Harness Maker Farid Shawky has been working at the Egyptian Society for the Protection & Welfare of Working Animals since 2006. Before that he was working with his father as local harness maker.
In 2008 we were looking for local harness makers in El Saf brick kilns when I met an elderly man called Salah. I was with Chris Garrett, International Harness Consultant for The Donkey Sanctuary. At that time we knew that the hitching point where the cart is attached to the harness was the main cause of wounds in all the kilns. We told Salah but he was not interested and threw away the piece of paper that Chris had been drawing out the problem on. I met him again later in his shop and asked him why. A high hitching point means that the collar is lifted up, causing breathing problems, and the cart is pulled from the saddle, causing terrible wounds. I explained it again to Salah and asked him if he accepted that there are a lot of wounds in the brick kilns. He admitted that though he had seen the blood on the harness that came in for repair he did not see the donkeys. We never did convince Salah before he died a year later.
His two sons Salem and Mohamed had worked with their father but only knew how to do the basics. Their father did all the skilled work. When he died they decided to finish with the trade. That was in 2010. At the time Egyptian Society for the Protection and Welfare of Working Animals (ESPWWA) with Chris were about to run a harness training workshop. My father was booked to help with collar making. We persuaded Salem and Mohamed to come on the course, which they did. As a result of that, and with renewed confidence, they decided to carry on with the business. At that time they were supplying harness to15 brick kilns. They also attended two other courses in 2012 and 2015. Today they supply quality harness to 135 brick kilns of the 150 at the El Saf site. They also supply harness to about 7 kilns at Aswan 750 km away and Saohak 500km away. In 2008 around 70% of the brick kiln donkeys had harness wounds, today that figure has dropped to around 30%.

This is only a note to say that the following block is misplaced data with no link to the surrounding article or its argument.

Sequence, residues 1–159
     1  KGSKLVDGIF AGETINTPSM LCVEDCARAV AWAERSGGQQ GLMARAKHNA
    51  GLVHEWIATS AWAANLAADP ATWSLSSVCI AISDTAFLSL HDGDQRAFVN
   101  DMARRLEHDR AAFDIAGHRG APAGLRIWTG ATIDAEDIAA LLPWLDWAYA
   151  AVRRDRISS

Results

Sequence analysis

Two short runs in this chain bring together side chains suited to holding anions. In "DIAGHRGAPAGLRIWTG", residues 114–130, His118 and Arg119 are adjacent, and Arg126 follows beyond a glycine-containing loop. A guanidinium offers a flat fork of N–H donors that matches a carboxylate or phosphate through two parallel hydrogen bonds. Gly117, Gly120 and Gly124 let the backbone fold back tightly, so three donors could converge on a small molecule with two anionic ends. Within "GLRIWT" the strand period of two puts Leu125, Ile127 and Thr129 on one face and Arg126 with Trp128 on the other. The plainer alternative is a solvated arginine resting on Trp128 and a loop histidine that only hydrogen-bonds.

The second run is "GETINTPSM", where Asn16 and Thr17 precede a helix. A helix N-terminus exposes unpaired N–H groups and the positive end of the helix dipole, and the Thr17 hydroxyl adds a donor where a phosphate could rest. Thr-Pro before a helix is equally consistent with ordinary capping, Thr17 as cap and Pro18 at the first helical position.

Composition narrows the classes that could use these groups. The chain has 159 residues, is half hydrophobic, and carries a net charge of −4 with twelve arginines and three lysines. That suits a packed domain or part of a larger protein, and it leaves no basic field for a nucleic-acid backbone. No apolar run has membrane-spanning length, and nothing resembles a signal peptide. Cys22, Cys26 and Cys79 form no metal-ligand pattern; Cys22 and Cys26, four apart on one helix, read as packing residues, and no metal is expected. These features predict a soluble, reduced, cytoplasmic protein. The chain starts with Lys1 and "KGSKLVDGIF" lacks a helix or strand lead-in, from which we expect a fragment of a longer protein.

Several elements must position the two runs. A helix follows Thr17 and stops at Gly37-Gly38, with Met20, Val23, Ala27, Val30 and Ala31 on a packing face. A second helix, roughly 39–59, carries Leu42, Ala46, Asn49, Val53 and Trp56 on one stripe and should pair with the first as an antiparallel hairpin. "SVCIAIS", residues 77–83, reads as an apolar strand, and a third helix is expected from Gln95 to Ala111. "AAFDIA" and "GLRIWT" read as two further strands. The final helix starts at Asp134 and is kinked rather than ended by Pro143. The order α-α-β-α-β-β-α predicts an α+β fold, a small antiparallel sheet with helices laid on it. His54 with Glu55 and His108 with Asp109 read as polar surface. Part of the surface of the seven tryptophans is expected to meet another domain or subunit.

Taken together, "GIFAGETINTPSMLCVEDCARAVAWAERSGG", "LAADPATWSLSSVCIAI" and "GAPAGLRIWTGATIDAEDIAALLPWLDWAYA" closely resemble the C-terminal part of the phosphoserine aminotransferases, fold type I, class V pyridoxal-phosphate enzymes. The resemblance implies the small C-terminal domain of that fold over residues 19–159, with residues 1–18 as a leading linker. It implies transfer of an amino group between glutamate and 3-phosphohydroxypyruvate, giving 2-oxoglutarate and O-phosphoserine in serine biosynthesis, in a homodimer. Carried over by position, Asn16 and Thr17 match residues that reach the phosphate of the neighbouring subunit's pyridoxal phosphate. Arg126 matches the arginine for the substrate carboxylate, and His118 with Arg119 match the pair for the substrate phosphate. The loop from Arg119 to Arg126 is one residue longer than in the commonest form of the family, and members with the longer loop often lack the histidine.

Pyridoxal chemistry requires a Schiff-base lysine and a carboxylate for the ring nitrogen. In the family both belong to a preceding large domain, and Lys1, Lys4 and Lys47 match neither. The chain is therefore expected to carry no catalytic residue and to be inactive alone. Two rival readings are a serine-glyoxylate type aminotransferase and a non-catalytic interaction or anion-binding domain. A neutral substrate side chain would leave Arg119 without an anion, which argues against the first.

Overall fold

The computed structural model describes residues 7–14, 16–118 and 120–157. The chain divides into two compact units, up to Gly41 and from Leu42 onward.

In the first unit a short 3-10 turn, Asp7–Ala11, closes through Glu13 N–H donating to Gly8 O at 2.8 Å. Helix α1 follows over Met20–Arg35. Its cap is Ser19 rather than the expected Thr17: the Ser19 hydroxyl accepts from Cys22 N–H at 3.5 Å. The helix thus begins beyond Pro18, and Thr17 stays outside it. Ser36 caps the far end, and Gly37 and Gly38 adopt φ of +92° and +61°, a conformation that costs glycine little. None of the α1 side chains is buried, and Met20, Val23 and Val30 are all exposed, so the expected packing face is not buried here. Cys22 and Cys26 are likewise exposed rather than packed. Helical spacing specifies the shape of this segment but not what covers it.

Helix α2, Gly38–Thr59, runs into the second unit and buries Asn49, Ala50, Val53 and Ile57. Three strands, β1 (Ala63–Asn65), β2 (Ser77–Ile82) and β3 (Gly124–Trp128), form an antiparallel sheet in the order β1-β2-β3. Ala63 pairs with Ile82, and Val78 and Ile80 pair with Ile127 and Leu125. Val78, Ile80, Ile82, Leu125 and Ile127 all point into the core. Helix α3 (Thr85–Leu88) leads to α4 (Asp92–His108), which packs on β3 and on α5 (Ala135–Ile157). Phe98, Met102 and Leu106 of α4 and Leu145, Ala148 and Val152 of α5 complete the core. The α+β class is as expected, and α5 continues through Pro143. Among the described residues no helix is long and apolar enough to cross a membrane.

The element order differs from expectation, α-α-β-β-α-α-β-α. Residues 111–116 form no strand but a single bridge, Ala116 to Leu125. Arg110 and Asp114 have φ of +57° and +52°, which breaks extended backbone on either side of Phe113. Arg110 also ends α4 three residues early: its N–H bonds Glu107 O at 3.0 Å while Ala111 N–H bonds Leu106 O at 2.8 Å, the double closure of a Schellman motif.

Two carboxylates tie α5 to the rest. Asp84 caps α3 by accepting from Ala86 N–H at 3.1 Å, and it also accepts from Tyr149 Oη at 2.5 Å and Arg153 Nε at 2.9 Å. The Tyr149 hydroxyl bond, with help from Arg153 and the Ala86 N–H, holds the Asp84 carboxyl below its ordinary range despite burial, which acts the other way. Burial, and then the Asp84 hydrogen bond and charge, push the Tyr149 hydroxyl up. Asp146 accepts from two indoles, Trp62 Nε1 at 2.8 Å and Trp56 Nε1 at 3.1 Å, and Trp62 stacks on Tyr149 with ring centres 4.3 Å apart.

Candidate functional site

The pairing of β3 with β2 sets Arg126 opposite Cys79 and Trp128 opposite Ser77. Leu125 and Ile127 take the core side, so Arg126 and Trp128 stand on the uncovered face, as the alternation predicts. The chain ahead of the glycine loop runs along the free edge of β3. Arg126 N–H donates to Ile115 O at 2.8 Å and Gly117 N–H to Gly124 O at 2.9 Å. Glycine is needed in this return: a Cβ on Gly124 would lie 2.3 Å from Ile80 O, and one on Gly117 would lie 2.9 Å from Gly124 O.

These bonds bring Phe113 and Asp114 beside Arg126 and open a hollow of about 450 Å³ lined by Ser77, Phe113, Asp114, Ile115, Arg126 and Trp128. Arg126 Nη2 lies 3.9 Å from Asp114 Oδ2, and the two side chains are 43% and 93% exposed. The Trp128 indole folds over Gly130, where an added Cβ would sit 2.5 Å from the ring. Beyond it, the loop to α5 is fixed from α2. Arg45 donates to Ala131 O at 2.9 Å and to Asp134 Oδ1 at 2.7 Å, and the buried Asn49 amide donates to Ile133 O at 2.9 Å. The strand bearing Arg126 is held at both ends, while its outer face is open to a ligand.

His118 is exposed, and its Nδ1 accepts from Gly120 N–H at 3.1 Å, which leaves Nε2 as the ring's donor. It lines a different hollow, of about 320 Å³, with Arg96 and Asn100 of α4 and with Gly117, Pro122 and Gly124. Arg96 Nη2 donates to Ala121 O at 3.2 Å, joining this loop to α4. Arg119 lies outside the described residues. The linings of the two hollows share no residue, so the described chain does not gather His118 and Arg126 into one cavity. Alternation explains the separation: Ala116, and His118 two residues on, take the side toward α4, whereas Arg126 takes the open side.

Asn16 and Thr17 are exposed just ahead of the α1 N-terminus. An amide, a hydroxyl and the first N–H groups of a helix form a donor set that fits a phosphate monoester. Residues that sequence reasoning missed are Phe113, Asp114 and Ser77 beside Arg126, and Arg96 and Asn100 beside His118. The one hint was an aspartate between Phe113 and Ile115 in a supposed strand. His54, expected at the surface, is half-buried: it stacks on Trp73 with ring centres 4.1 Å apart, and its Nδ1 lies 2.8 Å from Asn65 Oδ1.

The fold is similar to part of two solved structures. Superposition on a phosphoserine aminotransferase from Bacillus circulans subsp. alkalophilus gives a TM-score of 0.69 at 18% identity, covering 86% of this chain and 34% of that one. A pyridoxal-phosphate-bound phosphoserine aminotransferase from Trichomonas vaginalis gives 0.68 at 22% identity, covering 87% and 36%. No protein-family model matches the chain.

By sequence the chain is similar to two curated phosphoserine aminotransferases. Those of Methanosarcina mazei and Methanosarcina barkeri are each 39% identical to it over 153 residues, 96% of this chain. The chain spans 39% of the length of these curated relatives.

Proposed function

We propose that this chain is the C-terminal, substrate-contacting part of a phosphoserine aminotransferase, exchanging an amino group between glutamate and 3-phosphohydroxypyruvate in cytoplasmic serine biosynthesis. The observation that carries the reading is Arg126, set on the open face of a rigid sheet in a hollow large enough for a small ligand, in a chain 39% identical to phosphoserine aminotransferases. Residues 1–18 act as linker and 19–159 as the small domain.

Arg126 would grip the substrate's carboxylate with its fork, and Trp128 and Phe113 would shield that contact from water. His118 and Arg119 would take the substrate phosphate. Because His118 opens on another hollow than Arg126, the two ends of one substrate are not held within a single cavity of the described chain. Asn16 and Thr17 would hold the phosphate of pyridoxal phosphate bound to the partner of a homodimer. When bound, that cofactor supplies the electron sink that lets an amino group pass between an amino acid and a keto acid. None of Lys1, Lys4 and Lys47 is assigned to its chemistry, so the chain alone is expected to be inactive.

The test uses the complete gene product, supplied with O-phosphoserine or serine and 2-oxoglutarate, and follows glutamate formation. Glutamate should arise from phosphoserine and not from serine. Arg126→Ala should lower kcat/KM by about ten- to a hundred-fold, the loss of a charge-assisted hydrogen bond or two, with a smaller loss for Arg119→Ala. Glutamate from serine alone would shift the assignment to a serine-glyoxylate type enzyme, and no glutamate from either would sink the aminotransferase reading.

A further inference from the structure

It wasn't just the actual wounds that were causing problems. Repeated attempts to get the load reduced from nearly 2 tonnes had failed. With the improved harness the donkeys pulled the load easier and faster. Carts began to back up, arriving faster than they could be unloaded. The workers themselves solved that problem by putting fewer bricks on the cart. We accept that 30% wounds is still bad, but thanks to people like Salem and Mohamed we are making progress. Good harness also proved to be good economics. Though it costs more to buy it lasts three times longer and ESPWWA is allowed into every brick kiln in the El Saf kilns area compared to 25 in 2008. Salem and Mohamed continue to expand their customer base and the range of harness today.